Closing arguments, no verdict in Dykstra trial


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Prosecutors argued Brian Dykstra's good character doesn't mean he is not guilty of killing his 20-month-old adopted son.

Dykstra, a former Iowa City resident, was charged in 2008 after his child died from head trauma while under his care on Aug. 13, 2005.

The state and the defense presented their closing arguments to the jury in Dykstra's second-degree murder trial Wednesday.

The prosecution, led by Assistant County Attorney Anne Lahey, focused on the "premature death" of the child, as well as the testimonies of several doctors who said the injuries sustained were from "inflicted injury."

"Doctor after doctor told you that, in their opinion, it was a combination of slamming … or more likely a combination of shaking and slamming," Lahey said, picking up a piece of evidence to demonstrate the motion. "This was a deliberate action or actions, and there's no way the defendant could not believe they would cause injury to [the child]."

Lahey explained the things the state is required to prove: Dykstra caused injury to his son, the injury was fatal, and he acted "showing hatred with an unlawful purpose."

"The degree of force, the degree of injuries, the result of death … [were] so severe, so devastating, so catastrophic, it could only be malicious," Lahey said.

She also explained the distinction between the concepts of predetermination and intent.

"The state is not telling you that when Brian Dykstra did these things, he intended to kill his son," Lahey said. "He is held responsible for what he did because he intended to do the acts themselves."

Before Leon Spies gave his closing argument, Dykstra's former wife, Lisa DeWaard, hugged Dykstra and patted him on the back.

Spies focused his closing arguments on Dykstra's demeanor and character.

"Does character count? We tell our children that character matters," Spies said. "That character can make all the difference in a case like this."

Spies countered first responders' testimonies about Dykstra's unnaturally "calm" behavior, saying "no one had ever met him before. They knew nothing about him."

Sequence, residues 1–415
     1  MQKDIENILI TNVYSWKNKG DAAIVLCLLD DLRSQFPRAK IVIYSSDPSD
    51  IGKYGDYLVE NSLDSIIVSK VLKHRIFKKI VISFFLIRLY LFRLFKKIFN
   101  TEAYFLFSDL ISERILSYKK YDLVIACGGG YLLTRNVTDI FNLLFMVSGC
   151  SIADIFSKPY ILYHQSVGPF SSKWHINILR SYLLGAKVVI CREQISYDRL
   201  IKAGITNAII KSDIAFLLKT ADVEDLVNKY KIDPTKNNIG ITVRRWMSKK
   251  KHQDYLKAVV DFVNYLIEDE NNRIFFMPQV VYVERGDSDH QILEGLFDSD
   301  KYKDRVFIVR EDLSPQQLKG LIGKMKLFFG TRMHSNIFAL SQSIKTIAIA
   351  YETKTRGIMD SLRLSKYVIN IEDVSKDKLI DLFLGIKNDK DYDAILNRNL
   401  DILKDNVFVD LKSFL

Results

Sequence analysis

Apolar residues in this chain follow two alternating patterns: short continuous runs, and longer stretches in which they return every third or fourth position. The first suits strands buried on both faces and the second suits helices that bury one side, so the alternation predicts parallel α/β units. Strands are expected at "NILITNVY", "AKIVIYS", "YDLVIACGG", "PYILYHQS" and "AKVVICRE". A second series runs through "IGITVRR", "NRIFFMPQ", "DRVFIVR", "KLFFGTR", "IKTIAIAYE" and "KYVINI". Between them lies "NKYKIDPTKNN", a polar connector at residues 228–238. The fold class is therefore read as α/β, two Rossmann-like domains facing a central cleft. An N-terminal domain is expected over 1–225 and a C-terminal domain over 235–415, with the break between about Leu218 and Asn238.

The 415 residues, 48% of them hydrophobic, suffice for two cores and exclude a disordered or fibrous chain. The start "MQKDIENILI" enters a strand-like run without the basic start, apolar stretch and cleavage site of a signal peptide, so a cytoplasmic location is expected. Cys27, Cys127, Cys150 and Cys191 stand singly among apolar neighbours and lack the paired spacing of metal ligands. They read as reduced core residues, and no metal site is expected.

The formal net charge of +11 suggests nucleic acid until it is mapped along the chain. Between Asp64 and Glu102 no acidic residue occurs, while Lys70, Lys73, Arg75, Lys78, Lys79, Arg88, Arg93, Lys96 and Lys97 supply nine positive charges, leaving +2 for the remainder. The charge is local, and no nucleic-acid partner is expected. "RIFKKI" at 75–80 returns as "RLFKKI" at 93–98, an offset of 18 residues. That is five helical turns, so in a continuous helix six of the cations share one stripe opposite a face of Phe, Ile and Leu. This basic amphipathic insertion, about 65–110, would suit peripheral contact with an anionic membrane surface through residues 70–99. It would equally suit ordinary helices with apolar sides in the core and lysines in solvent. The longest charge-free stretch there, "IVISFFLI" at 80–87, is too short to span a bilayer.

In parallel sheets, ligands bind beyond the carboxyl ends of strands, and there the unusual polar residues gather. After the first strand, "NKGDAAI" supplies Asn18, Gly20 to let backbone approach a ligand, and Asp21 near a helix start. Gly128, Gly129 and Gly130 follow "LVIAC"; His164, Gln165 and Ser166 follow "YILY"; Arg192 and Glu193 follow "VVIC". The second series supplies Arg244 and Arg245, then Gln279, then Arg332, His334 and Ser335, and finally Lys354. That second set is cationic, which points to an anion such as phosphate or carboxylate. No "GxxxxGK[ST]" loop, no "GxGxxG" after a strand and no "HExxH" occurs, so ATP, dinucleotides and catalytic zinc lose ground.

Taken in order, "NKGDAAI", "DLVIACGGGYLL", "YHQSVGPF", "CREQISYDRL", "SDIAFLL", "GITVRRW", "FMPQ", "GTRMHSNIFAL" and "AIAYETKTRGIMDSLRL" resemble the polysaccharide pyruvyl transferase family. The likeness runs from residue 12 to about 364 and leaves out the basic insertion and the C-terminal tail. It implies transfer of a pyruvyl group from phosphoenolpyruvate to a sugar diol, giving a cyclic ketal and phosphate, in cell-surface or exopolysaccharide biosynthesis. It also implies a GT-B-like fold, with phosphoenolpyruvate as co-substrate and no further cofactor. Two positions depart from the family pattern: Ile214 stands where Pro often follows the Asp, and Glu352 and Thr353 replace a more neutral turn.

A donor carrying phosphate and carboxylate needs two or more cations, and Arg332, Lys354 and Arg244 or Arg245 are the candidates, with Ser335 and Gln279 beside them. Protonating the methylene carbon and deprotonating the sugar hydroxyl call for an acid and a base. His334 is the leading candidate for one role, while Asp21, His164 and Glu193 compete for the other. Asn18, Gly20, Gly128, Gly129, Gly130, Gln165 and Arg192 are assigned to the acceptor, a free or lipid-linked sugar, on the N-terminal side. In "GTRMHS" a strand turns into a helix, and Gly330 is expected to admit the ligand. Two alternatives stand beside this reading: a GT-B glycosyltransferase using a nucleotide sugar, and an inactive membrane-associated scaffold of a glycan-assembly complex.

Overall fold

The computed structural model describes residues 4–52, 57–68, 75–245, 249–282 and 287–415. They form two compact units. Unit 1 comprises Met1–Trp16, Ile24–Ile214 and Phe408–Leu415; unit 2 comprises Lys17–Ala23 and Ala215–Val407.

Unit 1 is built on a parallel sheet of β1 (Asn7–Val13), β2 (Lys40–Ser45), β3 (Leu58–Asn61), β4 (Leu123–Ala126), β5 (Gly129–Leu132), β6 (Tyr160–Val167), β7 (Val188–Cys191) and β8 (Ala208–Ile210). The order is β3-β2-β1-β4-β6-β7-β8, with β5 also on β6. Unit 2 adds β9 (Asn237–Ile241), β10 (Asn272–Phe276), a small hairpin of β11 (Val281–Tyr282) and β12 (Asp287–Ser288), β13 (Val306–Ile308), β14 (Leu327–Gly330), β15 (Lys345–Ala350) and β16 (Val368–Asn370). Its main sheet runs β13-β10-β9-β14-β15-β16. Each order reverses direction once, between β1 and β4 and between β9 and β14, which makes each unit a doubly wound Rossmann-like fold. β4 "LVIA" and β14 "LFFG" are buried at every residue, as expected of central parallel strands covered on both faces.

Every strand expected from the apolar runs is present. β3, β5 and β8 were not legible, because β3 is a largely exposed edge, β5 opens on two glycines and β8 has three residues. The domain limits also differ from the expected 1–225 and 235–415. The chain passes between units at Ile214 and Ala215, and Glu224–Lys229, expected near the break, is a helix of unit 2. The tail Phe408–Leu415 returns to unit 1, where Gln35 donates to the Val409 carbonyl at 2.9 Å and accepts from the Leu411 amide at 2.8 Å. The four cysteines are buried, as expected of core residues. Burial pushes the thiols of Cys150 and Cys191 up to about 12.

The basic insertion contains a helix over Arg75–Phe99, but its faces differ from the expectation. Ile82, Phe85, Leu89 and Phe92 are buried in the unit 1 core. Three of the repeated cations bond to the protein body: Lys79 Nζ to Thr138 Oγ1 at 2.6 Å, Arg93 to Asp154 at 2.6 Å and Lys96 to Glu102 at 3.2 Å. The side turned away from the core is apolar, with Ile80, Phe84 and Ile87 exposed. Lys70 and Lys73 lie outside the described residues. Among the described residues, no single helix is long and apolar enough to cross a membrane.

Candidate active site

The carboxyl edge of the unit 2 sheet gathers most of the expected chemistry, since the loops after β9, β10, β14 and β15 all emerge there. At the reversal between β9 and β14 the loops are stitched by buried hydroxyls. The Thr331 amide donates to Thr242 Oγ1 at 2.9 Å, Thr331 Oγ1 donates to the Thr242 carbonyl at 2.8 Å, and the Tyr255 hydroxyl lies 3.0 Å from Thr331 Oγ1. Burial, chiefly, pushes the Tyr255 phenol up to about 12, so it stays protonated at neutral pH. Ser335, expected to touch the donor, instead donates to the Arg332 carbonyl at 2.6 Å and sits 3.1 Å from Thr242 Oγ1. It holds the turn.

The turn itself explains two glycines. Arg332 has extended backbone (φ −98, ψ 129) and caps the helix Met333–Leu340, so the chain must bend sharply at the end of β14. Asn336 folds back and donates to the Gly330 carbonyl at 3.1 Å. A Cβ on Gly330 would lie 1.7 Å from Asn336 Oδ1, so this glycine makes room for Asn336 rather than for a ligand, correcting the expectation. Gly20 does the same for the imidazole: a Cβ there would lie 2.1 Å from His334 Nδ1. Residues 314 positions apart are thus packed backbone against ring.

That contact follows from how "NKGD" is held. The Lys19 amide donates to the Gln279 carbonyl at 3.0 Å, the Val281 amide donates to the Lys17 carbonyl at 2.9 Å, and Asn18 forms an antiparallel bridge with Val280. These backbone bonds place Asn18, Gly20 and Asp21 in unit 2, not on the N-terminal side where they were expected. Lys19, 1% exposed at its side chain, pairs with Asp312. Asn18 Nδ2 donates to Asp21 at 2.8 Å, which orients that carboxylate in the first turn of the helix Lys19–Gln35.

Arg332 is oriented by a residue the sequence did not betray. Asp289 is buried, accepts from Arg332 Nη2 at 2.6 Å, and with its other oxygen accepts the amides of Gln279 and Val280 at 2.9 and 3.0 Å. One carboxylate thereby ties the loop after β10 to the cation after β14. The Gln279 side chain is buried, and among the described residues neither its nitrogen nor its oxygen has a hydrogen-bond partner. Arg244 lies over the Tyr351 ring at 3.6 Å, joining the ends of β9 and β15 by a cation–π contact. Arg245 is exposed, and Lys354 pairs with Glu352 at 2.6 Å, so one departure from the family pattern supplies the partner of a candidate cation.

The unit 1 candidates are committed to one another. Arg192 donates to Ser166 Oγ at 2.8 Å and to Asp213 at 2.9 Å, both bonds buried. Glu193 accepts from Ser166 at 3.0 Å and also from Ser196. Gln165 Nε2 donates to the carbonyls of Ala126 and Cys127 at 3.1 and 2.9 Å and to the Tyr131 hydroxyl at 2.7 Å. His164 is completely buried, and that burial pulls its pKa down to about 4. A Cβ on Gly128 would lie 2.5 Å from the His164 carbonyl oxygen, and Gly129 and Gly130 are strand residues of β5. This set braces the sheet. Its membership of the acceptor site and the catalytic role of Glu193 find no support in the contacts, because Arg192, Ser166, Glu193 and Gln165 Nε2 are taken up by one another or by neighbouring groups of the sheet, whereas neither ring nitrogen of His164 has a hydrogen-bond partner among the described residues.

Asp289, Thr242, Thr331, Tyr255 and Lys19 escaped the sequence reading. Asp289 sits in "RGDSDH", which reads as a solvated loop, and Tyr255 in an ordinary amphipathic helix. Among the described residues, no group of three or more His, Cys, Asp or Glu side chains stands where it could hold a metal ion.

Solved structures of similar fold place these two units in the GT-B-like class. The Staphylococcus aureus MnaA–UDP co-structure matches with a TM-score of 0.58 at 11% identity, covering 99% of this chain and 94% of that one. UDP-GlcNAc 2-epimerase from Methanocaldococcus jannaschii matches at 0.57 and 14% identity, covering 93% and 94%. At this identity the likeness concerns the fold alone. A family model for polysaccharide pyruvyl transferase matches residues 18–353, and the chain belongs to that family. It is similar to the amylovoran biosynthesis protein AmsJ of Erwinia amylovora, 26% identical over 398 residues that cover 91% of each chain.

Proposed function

"If all it takes to convict Brian Dykstra is statistics and all it takes is disregarding the considered judgment of the people who know him, if all of that means nothing, then the presumption of innocence means nothing, and we don't need it."

In Lahey's rebuttal, she said Dykstra's "character obviously did not save [the child]," adding "… while faith is a wonderful thing, it can be lying."

As Lahey began to discuss an interview between Spies and DeWaard from around the time of the incident, Spies interrupted and asked that the jury leave the courtroom.

He then made a motion for mistrial, saying there was not evidence for the details of the interview and that it was not mentioned during DeWaard's testimony. He said it could be "damaging" to Dykstra's trial. Sixth Judicial District Judge Patrick Grady overruled the motion, and Lahey finished her closing argument.

Jurors began deliberating the verdict — they can rule guilty of second-degree murder, guilty of manslaughter, or not guilty — Wednesday afternoon.

The group of nine women and five men will continue deliberations at 9 a.m. today in the Johnson County Courthouse.

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